The Chargers came into the game averaging a league-high 5.6 yards per carry, and Bernstine had gained an average of 4.4 yards a carry on his first 25 rushes against the Chiefs. He got the call once again.

“It was a crunch play; it was our bread and butter in the game plan this week,” Bernstine said. “I was making most of my yards on that play during the game, and so we ran it, and I thought I had the first down.”

The officials called for a measurement to prove Bernstine wrong. The Chiefs took possession of the ball and ran out the clock.

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“We don’t get any style points today,” Schottenheimer said, “but in this business all we’re concerned about is winning and competing. And we were able to do both of those today.”

The Chiefs broke out quickly on Harvey Williams’ 76-yard kickoff return to open the game. Defensive back Donald Frank caught Williams from behind, grabbed him by the face mask and the Chargers were penalized an additional eight yards to the Chargers’ seven-yard line. Christian Okoye slammed into the end zone three plays later, and 1 minute 19 seconds into the game, the Chiefs led, 7-0.

The Chargers struck back, however, and after receiving a boost from Nate Lewis with a 41-yard kickoff return, they marched 54 yards in nine plays to tie the game. Bernstine, lined up behind Marion Butts in the same backfield, took a mighty leap for the final two yards.

The Chiefs took a 14-7 lead on another botched assignment in the Chargers’ secondary. Wide receiver Robb Thomas waited all alone in the end zone for quarterback Steve DeBerg to wave hello to the family back home before completing an 11-yard touchdown pass.

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The Chargers advanced to the Chiefs’ 37 in the second quarter, but Friesz’s fourth-and-four pass to Lewis was too low. They nudged the ball to the Chiefs’ 18 on their next drive, but after calling timeout, kicker John Carney’s 36-yard field-goal try hit the right upright.

“This is a good, well-coached football team, despite their record,” Schottenheimer said. “They missed a short field goal at the end of the half, otherwise things may have been different.”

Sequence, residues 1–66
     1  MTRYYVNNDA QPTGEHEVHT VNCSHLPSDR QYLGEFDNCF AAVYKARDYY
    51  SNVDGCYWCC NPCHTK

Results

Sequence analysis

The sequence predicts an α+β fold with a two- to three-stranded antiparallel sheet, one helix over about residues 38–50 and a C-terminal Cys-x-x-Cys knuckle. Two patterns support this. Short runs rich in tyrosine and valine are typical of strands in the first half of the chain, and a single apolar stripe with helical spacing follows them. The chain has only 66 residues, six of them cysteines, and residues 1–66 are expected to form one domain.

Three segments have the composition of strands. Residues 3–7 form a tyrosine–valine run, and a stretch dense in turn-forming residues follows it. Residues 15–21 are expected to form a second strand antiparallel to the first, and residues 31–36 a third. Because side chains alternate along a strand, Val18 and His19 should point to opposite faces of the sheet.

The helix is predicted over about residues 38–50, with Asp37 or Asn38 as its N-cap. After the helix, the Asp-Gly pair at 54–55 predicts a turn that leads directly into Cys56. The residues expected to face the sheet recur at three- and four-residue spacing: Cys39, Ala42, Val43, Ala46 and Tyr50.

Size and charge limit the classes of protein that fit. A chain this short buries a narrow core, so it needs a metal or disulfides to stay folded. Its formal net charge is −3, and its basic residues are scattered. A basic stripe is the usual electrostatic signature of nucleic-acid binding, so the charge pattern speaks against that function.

The outcome may have been different, all right, but every time the Chargers’ offense came close to the end zone, it recoiled.

On their first possession of the third quarter, the Chargers advanced to the Chiefs’ eight-yard line before settling for a 26-yard Carney field goal. They made it to the Chiefs’ 33 on their next effort, but Friesz’s pass for Lewis on fourth and seven fell incomplete.

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Miller caught an 11-yard pass from Friesz on the team’s ensuing possession and advanced to the Chiefs’ 18-yard line, but Harmon was charged with blocking Chiefs defensive lineman Neil Smith below the knees. The 15-yard unsportsmanlike conduct penalty pushed the Chargers back to the Chiefs’ 44, and eventually they punted.

“I got an explanation (from the referee) and I didn’t like it,” Henning said.

The Chargers kept hammering, and after Kitrick Taylor provided a 19-yard punt return, Butts exploded for a 46-yard gain off a short pass from Friesz. Butts appeared trapped in the backfield for a loss, but ignored Saleaumua’s tackle attempt, reversed himself and went rumbling down the sideline. Jayice Pearson’s lunge pushed Butts out at the Chiefs’ nine-yard line.

On third and goal from the five, the Chargers went to the air again. The Chiefs double-covered Harmon and Miller and let Lewis go with single coverage.

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Henning said Friesz should have thrown the ball to Lewis, but when Friesz took a look at Lewis, he felt he was too closely covered. He looked for Harmon, and looked for Miller, and then he was decked by Smith. Friesz fumbled, the ball was recovered by H-back Derrick Walker, and the Chargers called on Carney for a 37-yard field goal.

They would get the ball one more time after Lowery missed from 44 yards, but as cornerback Gill Byrd said, “it was the same old story.

“But it’s gonna turn around. You keep coming in, you keep fighting, you keep struggling. In due time we’re going to reap if we don’t grow weary. That’s the key. We’re going to reap if we don’t grow weary.”

* LOW FIVE

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Charger running backs Rod Bernstine (112 yards) and Marion Butts (45) did their part. C17A

To a man, the Chiefs felt fortunate to get a victory against the Chargers. C17A

Report Card, Notebook C17B